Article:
This water conservation plan is intended to bring the City of Clovis into alignment with the two new laws enacted by Governor Jerry Brown on May 31, 2018, AB1668 and SB606. This plan will work in conjunction with the current City of Clovis Urban Water Management Plan. The strategy herein is focused on how to reduce municipal water use by the specified 20% (urban per capita), which brings daily use down to 55 gallons per person per household through January 1, 2025. “This bill would require the State Water Resources Control Board, in coordination with the Department of Water Resources, to adopt long-term standards for the efficient use of water, as provided, and performance measures for commercial, industrial, and institutional water use on or before June 30, 2022.
The bill would require the department, in coordination with the board, to conduct necessary studies and investigations and make recommendations, no later than October 1, 2021, for purposes of these standards and performance measures. The bill would require the department, in coordination with the board, to conduct necessary studies and investigations and would authorize the department and the board to jointly recommend to the Legislature a standard for indoor residential water use.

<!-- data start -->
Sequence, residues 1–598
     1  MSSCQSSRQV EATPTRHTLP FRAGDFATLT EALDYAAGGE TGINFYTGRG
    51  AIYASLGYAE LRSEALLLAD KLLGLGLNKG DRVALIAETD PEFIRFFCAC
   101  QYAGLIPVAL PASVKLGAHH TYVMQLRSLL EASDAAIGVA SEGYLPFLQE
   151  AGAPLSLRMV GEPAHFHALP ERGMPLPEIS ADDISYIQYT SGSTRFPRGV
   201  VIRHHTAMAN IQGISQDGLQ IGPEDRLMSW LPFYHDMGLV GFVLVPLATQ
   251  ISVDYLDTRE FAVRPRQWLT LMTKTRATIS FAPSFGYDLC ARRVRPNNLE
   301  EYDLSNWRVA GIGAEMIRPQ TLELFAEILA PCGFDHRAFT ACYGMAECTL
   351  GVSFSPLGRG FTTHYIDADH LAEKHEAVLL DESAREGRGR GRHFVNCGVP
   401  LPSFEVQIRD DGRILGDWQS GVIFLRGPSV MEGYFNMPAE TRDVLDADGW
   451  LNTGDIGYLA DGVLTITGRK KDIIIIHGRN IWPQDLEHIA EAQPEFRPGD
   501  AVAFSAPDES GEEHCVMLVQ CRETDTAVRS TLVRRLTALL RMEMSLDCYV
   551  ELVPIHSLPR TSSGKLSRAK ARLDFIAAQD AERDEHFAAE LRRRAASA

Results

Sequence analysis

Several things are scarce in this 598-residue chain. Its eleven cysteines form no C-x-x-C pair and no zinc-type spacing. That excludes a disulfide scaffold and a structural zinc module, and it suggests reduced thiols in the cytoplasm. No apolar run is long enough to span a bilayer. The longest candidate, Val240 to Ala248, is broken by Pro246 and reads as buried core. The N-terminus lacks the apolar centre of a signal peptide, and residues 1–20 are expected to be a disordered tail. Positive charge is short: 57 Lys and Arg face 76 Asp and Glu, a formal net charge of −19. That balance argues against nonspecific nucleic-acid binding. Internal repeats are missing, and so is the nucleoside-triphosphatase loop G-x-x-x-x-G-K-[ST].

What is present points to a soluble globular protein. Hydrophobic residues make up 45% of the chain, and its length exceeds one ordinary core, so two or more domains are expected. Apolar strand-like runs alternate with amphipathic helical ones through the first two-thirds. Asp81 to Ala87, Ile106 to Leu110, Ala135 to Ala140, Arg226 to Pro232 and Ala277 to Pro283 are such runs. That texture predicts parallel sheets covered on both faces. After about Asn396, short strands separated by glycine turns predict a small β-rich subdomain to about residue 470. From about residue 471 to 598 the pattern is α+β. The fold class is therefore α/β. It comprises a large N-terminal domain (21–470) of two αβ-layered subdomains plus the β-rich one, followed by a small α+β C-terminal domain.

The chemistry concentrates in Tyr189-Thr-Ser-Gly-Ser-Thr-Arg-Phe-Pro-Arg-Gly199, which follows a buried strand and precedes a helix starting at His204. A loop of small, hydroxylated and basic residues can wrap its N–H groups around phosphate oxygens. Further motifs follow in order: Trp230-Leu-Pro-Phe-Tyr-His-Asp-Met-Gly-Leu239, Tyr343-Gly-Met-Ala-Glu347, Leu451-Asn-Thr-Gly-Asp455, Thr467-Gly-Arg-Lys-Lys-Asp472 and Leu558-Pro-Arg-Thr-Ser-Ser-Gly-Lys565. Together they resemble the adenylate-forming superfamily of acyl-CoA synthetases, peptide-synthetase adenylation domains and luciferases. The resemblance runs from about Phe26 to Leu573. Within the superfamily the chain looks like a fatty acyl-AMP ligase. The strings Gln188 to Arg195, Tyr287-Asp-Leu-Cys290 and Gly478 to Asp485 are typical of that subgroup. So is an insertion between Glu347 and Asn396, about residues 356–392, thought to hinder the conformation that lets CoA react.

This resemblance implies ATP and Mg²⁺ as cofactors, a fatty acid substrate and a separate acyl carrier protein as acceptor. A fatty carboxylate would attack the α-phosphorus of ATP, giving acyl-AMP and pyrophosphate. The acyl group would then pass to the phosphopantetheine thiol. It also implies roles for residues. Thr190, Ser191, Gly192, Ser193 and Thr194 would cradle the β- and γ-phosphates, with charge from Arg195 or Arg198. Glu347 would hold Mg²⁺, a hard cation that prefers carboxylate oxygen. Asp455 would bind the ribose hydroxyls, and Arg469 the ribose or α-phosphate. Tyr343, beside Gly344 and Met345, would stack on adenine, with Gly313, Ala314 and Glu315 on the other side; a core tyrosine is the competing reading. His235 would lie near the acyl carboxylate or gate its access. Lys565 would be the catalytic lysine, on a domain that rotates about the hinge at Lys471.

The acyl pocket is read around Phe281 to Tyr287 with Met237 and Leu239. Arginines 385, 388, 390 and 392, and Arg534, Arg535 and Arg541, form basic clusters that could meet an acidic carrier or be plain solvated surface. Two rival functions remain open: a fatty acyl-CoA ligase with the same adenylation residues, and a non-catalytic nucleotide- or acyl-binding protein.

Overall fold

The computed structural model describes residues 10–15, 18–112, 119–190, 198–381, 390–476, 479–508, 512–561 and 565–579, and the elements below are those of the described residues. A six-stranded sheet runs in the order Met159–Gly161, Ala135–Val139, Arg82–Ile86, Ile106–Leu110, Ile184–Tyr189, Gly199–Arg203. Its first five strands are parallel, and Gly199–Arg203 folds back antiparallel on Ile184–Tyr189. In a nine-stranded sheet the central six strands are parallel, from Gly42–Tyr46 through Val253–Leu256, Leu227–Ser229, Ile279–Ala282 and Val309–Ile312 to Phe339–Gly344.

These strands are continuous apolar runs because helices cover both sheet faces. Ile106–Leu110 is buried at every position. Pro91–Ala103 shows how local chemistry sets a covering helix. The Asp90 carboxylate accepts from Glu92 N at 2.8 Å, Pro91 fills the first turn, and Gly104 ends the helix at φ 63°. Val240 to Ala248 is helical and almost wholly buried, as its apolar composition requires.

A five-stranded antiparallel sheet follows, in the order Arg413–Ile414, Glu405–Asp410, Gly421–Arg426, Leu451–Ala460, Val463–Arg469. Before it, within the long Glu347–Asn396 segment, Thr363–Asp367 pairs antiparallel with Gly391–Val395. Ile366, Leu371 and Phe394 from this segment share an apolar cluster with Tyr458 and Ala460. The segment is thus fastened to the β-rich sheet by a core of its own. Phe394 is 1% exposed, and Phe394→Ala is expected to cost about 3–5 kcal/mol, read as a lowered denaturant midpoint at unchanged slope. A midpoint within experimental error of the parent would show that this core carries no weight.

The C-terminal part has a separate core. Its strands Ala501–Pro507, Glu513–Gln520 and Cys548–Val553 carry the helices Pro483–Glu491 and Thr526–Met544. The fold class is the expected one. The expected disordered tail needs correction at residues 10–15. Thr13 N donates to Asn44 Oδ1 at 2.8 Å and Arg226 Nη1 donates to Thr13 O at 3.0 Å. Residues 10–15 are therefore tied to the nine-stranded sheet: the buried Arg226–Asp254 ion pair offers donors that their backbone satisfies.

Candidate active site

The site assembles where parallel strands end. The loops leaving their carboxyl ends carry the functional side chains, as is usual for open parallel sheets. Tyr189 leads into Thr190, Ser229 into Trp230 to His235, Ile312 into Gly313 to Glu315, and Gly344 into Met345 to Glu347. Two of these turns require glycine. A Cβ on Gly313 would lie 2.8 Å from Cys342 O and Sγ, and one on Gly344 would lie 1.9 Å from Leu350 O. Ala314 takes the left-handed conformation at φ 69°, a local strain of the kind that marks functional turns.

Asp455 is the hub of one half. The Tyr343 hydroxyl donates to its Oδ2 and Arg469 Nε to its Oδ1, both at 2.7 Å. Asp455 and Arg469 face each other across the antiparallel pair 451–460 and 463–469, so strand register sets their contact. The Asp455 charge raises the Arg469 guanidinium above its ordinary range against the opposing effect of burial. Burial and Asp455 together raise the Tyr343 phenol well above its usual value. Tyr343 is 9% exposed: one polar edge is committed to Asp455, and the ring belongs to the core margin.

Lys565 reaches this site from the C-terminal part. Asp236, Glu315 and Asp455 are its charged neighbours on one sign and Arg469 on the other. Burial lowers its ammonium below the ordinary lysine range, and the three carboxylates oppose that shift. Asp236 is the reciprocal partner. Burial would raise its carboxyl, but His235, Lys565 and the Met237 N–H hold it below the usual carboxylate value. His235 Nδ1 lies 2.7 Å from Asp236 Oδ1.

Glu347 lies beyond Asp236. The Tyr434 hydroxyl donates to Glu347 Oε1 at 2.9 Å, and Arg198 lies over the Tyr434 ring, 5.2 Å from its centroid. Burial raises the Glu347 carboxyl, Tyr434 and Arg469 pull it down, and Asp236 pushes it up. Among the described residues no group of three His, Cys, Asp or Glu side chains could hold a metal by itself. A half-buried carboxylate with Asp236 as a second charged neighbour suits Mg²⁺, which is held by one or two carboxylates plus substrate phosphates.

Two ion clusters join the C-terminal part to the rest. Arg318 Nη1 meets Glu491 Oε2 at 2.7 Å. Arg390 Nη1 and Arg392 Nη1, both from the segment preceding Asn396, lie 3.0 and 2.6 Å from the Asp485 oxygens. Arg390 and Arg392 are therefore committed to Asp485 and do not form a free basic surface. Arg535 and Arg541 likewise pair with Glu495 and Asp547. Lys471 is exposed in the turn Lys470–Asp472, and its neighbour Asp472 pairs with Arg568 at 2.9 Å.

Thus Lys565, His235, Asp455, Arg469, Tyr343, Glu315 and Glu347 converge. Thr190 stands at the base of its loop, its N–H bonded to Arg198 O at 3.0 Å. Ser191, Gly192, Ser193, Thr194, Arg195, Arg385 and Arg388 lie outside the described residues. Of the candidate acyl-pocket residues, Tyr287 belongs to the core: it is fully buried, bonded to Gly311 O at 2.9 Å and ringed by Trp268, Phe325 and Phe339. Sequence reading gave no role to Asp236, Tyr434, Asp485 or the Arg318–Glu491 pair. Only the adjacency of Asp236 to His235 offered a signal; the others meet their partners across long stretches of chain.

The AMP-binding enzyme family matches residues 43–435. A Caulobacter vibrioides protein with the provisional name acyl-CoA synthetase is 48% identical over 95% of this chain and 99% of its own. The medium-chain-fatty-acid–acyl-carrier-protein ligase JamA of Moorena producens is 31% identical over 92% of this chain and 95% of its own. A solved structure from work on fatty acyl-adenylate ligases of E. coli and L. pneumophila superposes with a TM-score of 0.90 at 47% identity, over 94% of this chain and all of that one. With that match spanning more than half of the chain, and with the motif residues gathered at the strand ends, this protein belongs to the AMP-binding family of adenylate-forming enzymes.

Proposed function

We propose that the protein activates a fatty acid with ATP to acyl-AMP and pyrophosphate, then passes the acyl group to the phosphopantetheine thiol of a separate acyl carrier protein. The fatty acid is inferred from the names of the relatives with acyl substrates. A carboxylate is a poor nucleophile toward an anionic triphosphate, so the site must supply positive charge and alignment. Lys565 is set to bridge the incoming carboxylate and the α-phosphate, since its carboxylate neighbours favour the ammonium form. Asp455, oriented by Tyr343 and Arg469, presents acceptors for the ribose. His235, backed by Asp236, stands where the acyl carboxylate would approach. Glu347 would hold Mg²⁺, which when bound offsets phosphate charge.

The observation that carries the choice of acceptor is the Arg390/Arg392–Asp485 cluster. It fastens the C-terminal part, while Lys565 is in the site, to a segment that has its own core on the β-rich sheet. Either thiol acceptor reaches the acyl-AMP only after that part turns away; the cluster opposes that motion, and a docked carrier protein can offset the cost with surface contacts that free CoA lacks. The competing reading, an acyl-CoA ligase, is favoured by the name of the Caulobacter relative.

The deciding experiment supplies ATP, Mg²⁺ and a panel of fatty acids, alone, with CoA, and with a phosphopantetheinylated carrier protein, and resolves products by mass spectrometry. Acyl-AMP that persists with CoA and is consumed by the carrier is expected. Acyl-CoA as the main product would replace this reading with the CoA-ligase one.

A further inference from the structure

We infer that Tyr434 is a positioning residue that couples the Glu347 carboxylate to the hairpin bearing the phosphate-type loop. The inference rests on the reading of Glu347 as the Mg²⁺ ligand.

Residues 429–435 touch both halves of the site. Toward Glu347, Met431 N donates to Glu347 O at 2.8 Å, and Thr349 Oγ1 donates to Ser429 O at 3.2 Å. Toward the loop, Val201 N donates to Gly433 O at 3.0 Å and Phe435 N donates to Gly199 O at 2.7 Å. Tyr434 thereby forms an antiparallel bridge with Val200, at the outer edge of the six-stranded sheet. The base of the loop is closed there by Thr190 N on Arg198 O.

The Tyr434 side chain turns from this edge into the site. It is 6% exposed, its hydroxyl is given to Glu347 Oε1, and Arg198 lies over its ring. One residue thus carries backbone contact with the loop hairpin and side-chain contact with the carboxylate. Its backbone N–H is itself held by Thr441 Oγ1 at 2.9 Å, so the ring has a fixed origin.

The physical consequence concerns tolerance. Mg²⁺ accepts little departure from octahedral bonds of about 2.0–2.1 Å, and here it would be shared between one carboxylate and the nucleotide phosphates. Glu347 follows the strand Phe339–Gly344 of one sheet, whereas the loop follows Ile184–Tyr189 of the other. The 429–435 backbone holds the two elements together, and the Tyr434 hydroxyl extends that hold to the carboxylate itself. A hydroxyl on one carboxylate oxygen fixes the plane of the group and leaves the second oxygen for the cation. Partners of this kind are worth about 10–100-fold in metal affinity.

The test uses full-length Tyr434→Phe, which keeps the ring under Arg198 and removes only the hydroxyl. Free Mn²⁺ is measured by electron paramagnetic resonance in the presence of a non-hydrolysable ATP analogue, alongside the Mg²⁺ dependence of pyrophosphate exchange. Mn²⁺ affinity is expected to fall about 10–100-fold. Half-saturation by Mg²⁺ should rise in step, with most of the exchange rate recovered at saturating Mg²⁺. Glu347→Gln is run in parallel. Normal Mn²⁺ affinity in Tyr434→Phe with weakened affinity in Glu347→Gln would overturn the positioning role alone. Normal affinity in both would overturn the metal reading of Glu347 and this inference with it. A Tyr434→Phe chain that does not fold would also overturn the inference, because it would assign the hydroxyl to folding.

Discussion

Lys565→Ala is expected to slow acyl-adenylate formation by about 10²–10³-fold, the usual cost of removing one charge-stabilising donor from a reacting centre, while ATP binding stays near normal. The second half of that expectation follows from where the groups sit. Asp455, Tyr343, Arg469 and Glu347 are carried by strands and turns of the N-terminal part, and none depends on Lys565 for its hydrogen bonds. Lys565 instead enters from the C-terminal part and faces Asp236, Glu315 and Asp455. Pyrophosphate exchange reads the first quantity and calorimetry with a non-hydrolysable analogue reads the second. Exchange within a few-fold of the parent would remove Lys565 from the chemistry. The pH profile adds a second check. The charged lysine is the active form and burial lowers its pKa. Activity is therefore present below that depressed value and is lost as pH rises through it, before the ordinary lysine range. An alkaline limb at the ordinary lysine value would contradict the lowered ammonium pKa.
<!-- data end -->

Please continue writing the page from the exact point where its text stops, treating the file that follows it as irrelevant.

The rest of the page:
The bill, until January 1, 2025, would establish 55 gallons per capita daily as the standard for indoor residential water use, beginning January 1, 2025, would establish the greater of 52.5 gallons per capita daily or a standard recommended by the department and the board as the standard for indoor residential water use, and beginning January 1, 2030, would establish the greater of 50 gallons per capita daily or a standard recommended by the department and the board as the standard for indoor residential water use. The bill would impose civil liability for a violation of an order or regulation issued pursuant to these provisions, as specified.”